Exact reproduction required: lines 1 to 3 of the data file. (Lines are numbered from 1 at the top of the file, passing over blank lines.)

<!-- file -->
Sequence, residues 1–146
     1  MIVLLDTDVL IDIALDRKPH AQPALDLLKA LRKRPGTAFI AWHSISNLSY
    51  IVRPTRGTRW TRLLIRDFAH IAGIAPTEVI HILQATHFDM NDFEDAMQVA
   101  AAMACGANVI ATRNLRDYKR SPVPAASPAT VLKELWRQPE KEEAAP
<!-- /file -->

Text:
Sequence, residues 1–146
     1  MIVLLDTDVL IDIALDRKPH AQPALDLLKA LRKRPGTAFI AWHSISNLSY
    51  IVRPTRGTRW TRLLIRDFAH IAGIAPTEVI HILQATHFDM NDFEDAMQVA